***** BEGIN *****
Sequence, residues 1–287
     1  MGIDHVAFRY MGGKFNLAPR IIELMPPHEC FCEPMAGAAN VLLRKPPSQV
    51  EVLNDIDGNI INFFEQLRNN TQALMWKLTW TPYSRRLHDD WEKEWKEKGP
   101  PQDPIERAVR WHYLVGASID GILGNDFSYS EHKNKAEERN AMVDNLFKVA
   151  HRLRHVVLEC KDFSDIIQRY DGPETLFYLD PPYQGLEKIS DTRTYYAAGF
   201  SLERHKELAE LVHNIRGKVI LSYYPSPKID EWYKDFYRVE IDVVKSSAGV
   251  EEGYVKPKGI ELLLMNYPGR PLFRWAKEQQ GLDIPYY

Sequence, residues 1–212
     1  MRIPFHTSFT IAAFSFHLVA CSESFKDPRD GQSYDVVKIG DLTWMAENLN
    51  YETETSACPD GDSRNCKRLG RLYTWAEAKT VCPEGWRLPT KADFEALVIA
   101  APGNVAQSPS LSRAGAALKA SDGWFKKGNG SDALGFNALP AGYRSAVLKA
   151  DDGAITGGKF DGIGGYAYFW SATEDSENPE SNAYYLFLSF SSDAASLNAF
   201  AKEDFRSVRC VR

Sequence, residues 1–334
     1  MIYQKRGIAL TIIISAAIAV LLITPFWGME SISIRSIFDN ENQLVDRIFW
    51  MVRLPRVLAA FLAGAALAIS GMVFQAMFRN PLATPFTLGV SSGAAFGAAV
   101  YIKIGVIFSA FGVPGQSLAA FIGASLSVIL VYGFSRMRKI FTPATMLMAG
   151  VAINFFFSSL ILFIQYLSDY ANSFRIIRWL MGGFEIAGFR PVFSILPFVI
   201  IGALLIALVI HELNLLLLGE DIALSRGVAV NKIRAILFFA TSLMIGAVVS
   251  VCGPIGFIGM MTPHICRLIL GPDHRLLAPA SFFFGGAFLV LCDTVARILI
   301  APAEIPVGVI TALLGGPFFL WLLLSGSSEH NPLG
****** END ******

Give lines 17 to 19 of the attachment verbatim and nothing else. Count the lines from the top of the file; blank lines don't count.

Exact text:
   101  YIKIGVIFSA FGVPGQSLAA FIGASLSVIL VYGFSRMRKI FTPATMLMAG
   151  VAINFFFSSL ILFIQYLSDY ANSFRIIRWL MGGFEIAGFR PVFSILPFVI
   201  IGALLIALVI HELNLLLLGE DIALSRGVAV NKIRAILFFA TSLMIGAVVS